Well when are resits taken? Since you're only using one A2 I doubt it woukd matter, you use either one score or the other. This applies moreso for multiple AS grades and multiple A-Level grades, ie. all or nothing- only from the one sitting, not mix and match. The reasoning here is because the Leaving Cert can only be done in one sitting, you can't repeat one subject..you hjave to repeat the whole thing.

    http://www.tcd.ie/Admissions/undergr.../apply/non-eu/

    ??? Says there's a form there for undergraduate admission?

    Would make life easier tbh, only want to apply to the one uni in Ireland.


    Otherwise, thanks a lot mate! Made my life a lot easier
    It says the form is for medicine and dentistry. Medicine is restricted entry, and requires an entrance exam. Dentistry requires almost perfect points but no entrance exam as far as I'm aware.

    Drop that international@tcd.ie an email and ask them to clarify about the AS resit and if you need anything other than a CAO application and english profieciency proof.
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    does TCD look at your gcse results?
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    (Original post by aaek)
    does TCD look at your gcse results?

    In so far as if you don't have English, Maths and a foreign language at AS/A level they look at your GCSE's as you need passes in all three to at least GCSE level. However they won't be counted for points. It's just to matriculate.

    http://www.tcd.ie/Admissions/undergr...culation/gcse/
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    (Original post by StarsAreFixed)
    Your B at AS is worth 60. Check this page: http://www.tcd.ie/Admissions/undergr...culation/gcse/ You should be fine points-wise.

    You do know it's not straight Economics right? BESS means you're studying common modules in 1st year, and then specialising. In 4th year you can graduate in just straight Economics if you want, or keep it broader.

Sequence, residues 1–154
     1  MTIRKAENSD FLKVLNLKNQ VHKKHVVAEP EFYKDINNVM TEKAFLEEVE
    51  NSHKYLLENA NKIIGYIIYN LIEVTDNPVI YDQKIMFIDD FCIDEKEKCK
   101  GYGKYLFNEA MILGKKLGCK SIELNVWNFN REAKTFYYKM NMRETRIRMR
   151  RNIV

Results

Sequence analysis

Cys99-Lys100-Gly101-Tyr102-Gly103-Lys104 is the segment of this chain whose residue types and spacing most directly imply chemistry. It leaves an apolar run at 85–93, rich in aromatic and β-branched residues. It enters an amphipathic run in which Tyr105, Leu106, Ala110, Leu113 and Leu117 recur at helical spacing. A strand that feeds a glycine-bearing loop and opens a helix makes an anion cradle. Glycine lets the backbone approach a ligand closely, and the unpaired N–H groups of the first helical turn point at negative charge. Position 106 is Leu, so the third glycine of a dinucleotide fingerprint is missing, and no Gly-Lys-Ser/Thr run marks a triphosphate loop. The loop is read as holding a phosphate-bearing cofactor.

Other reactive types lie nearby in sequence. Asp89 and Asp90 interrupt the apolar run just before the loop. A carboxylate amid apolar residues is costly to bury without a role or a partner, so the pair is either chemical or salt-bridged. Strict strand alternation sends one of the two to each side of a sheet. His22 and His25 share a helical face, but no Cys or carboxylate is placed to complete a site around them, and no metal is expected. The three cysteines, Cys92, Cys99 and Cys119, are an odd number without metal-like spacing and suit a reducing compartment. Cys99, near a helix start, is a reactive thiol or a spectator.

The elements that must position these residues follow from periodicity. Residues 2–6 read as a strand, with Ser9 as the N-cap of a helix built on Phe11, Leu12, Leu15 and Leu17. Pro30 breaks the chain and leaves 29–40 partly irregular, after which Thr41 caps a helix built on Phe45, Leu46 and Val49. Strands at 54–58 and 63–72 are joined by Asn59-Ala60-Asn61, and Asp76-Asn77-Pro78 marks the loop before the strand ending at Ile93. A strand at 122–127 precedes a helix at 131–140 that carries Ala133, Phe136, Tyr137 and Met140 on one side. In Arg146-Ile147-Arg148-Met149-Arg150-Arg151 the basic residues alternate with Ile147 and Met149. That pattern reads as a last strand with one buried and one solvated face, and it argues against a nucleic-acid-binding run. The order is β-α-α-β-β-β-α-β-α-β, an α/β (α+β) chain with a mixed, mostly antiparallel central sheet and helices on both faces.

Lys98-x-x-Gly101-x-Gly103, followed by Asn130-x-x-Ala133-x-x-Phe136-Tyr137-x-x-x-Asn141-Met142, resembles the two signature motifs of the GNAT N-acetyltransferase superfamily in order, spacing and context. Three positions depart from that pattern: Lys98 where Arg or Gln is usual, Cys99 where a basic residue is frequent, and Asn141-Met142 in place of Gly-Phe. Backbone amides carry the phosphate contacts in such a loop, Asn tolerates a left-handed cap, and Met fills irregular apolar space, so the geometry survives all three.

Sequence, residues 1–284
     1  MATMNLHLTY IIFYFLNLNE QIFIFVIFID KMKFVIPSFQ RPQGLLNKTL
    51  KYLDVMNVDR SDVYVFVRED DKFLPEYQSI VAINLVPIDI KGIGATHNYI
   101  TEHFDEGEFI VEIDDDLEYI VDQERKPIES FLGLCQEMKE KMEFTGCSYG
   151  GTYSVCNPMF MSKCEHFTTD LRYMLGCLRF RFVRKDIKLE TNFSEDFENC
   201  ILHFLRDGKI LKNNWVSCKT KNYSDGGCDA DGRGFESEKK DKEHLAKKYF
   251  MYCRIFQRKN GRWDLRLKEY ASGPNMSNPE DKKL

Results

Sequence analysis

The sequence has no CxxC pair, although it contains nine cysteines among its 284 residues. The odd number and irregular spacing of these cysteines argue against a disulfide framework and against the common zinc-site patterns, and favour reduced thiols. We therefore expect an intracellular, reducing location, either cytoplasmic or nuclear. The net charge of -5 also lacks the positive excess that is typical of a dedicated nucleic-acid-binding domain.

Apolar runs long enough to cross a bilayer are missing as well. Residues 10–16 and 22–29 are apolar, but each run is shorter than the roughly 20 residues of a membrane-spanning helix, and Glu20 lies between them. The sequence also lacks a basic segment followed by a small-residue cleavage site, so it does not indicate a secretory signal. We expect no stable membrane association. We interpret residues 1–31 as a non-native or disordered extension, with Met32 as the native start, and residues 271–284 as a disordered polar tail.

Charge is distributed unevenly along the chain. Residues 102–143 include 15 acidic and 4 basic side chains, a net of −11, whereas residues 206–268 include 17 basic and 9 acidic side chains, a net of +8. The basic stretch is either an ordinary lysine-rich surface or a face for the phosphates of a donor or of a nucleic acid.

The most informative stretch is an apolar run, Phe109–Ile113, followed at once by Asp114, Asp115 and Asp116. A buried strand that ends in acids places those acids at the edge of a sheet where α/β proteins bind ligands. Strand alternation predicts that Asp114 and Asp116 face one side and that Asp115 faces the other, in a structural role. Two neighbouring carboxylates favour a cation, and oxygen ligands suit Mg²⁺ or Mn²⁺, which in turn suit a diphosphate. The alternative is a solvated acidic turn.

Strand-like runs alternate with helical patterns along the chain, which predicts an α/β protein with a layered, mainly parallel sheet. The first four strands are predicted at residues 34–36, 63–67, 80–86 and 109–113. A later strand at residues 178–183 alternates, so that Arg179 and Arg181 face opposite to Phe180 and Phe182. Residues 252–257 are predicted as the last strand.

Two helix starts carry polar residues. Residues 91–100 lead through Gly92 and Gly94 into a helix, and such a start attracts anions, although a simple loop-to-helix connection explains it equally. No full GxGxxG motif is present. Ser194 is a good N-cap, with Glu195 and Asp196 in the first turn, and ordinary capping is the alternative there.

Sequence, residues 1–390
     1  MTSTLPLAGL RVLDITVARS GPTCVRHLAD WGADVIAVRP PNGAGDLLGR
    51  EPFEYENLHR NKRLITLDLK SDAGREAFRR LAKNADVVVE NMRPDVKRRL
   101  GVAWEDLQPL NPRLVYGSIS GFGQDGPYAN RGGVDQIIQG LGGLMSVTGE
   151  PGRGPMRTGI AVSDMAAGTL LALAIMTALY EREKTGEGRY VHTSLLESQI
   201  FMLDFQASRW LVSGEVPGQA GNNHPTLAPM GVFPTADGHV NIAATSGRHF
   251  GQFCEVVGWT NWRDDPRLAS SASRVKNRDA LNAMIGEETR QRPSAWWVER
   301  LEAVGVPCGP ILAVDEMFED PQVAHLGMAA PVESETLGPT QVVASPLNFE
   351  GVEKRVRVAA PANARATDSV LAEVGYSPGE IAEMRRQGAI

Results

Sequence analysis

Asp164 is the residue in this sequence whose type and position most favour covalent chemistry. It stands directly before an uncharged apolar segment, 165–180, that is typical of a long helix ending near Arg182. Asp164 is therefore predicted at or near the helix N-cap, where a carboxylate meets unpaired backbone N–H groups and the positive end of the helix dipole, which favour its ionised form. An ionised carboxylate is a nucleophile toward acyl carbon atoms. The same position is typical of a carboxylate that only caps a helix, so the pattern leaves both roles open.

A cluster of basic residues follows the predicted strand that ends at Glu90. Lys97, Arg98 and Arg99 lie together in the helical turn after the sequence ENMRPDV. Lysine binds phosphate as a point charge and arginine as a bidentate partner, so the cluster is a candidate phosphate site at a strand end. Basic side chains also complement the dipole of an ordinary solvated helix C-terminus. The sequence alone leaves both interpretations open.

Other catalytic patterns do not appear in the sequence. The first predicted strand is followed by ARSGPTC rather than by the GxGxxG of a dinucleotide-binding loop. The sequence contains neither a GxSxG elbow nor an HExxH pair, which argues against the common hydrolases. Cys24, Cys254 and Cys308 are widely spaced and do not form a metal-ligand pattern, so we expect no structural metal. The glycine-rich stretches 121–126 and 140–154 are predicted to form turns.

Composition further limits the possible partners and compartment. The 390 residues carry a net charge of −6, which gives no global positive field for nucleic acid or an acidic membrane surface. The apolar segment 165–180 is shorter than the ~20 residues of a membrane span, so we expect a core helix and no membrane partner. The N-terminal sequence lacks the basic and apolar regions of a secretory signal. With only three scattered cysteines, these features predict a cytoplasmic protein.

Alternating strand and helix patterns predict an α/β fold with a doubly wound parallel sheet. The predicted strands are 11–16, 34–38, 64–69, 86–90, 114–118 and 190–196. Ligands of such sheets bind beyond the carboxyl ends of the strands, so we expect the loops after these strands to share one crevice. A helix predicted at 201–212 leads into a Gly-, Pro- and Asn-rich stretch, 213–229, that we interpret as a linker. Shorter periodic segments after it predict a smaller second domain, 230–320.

Do you have a language other than English to at least GCSE level? You cannot get in without a pass in one. (Irish students study Irish, English and a third language as compulsory subjects for the whole 5/6 years so this is the reason).

    TCD has the highest number of international students, 1 in 8, a fact which jumps it up the rankings. Places are reserved in every single course for internationals, but you are still being pitted against Irish students as there will be more people applying both international and Irish than the course allows.

    You will have to pay full international fees unfortunately, unless you have been resident in an EU country for 3 of the last 5 years...no? If so the fees will be €2000. If not, full fees- which are definitely at least €10,000. You need to supply some sort of cert stating your profiency at English, though I'm a bit hazy on that. You don't get lower offers, they might technically be slightly lower (the system does favour those with A-Levels because Irish students do far more subjects) but they are formulated to be as equal as possible.

    Download the prospectus here http://www.tcd.ie/Admissions/undergraduate/prospectus/ It will answer some questions in detail.